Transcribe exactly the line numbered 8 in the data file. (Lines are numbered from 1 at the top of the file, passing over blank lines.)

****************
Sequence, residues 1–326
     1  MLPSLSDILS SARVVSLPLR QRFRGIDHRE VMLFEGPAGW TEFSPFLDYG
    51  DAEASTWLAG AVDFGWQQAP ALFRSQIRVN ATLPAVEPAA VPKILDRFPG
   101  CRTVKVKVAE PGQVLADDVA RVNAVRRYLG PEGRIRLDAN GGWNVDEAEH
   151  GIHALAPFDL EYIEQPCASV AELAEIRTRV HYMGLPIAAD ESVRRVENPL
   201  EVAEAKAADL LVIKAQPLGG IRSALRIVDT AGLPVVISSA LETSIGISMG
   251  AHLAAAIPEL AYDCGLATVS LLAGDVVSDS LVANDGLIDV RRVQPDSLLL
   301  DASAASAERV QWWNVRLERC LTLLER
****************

   301  DASAASAERV QWWNVRLERC LTLLER